General Augusto Pinochet may want to put the past behind him, but for the victims of torture under his dictatorship in Chile, lasting pain provides a constant reminder.
'Pain from injuries can sometimes be alleviated - although often not - but the psychological effects of torture, loss and exile can be devastating, ' says Helen Bamber, director of the Medical Foundation for the Care of Victims of Torture.
Some of the Chileans the charity helps are severely disabled from their injuries. One man, who died of a heart attack not long ago, was confined to a wheelchair because the rod inserted to straighten his spine after childhood polio broke under torture.
Most still complain of pain - the legacy of being suspended by their hands tied behind their backs, beatings on the soles of their feet and repeated electrocution.
But often most destructive are the emotional after-effects of such systematic, sophisticated torture. After being beaten and electrocuted for many months, one Chilean since helped by the foundation was put in front of a firing squad. The guns fired blanks.
Doctors may call the psychological symptoms depression, anxiety and grief. But Mrs Bamber says: 'There are no clinical words for that suffering. It is a very deep, profound form of suffering that people who have been tortured carry with them.'
The arrest of General Pinochet and the Lords hearing of his appeal against extradition to Spain - due to report shortly - has reopened many mental wounds. Forcing Pinochet to face justice might help heal them, believes Mrs Bamber. 'It would be healthy for them, ' she says.
Now aged 73, Mrs Bamber has spent her life fighting cruelty. At 20, she was a member of one of the first relief teams to reach Belsen after the war and helped evacuate children with TB.
Herself Jewish, she later worked with children orphaned at Auschwitz. She began helping victims of torture after joining Amnesty International in the 1960s. But the long-term medical needs of the refugees grew too much for a small unit without administrative back-up.
She set up the foundation in 1986 with the help of a surgeon, Elizabeth Gordon, and a hospital manager, Neil Evans, now a priest. It is still the only service for victims of torture in Britain, providing a breadth and depth of care simply not available on the NHS.
Today its team of more than 100 paid and volunteer clinicians treats torture victims from more than 90 countries.
Clients, almost all refugees, now come from Iran, Iraq, Turkey, Sri Lanka, Kenya and Columbia.
But as well as helping Chileans who arrived after 1973, the charity also still supports survivors of the Holocaust and British soldiers tortured by the Japanese in the Second World War.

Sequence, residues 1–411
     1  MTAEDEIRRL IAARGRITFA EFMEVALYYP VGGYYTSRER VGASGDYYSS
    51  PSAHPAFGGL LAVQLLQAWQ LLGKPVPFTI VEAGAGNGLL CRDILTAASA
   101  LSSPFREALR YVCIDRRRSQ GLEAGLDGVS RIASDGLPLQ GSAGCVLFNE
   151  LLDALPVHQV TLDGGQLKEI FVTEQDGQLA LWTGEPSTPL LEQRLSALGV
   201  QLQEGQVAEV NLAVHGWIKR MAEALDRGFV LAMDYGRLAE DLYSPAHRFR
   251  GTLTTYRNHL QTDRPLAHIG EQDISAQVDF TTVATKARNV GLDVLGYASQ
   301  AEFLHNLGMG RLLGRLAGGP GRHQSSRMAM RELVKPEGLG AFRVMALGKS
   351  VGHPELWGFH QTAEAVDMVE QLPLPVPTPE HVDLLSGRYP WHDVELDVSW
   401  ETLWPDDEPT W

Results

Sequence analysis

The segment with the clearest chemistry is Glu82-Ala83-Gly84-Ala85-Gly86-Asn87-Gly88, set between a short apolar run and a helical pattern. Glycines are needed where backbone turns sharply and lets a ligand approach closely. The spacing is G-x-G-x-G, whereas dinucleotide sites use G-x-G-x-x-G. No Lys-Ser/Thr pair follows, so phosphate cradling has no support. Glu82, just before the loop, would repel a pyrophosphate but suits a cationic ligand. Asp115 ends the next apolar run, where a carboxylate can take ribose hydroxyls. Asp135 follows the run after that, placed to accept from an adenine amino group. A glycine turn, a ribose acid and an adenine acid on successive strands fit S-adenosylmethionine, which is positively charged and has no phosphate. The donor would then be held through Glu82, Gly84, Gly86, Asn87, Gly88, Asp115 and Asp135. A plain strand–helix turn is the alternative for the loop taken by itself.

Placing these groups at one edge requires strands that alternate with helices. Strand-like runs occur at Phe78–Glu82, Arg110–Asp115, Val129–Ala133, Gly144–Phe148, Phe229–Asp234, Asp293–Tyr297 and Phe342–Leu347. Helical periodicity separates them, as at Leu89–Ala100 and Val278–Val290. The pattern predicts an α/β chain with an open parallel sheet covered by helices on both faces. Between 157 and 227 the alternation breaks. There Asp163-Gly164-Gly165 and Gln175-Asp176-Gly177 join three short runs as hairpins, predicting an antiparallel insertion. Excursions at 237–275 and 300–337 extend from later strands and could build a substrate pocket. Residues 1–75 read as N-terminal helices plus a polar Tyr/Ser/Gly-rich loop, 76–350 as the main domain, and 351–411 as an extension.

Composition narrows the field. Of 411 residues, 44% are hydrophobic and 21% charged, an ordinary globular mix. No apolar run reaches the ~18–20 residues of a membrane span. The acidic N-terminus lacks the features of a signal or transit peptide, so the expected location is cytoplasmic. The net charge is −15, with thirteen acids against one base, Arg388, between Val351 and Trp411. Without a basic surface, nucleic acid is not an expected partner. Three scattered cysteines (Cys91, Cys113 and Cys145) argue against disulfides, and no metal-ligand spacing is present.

'I don't believe, from my experience of working with Holocaust survivors and British Far East prisoners, that time necessarily alleviates, ' says Mrs Bamber. 'Actually it often compounds.'
But while the foundation cannot erase memories, it does help people rebuild their lives, through medical care, counselling and practical support with housing, immigration and welfare rights.
Family therapists work with children who have seen their parents abused or humiliated. A writer is helping a group of Chileans in Sheffield to describe their memories and help explain the past to their children. Often documenting the abuse is the first step, says Dr Gill Hinshelwood, a physician and psychoanalyst.
She treats women - and some men - who have been raped or sexually abused. 'A lot of people don't want to talk about it, ' she says. 'They are much, much better if they do.'
Many women survivors feel permanently damaged or diseased after rape yet - like many victims of torture - feel unable to seek the help they need from the NHS.
Often, says Dr Hinshelwood, torture victims visit their GPs with one complaint after another. They never reveal the real source of their pain and GPs are often too busy to find out.
Torture victims can feel their bodies are no longer part of them. They may complain of pain where electrodes have been applied, yet doctors can find no damage.
Some people are referred to NHS services. More often it is GPs who refer to the foundation. Dr Brian Fisher, a south London GP who has supported the charity since the start, often sends patients for help.
'We are being overwhelmed still with refugees - more so than ever, ' he says.
In the '70s he referred patients from Chile. Today they are from Turkey and Eritrea, but with the same symptoms of pain, caused by beatings and electrocution, and profound depression from 'serial humiliation'.
Many are anxious about talking, he says, especially to doctors who they see as perpetrators of pain, not healers. Mrs Bamber feels there is some collusion by the NHS.
'People don't want to hear about torture and people don't want to speak about it, ' she says. She sees the foundation as providing stepping stones for people to move on from their past.
Many do succeed in finding new jobs and carving out new careers.
'We have many people for whom we can celebrate, ' she says. 'It is not impossible to heal. It is impossible to forget.'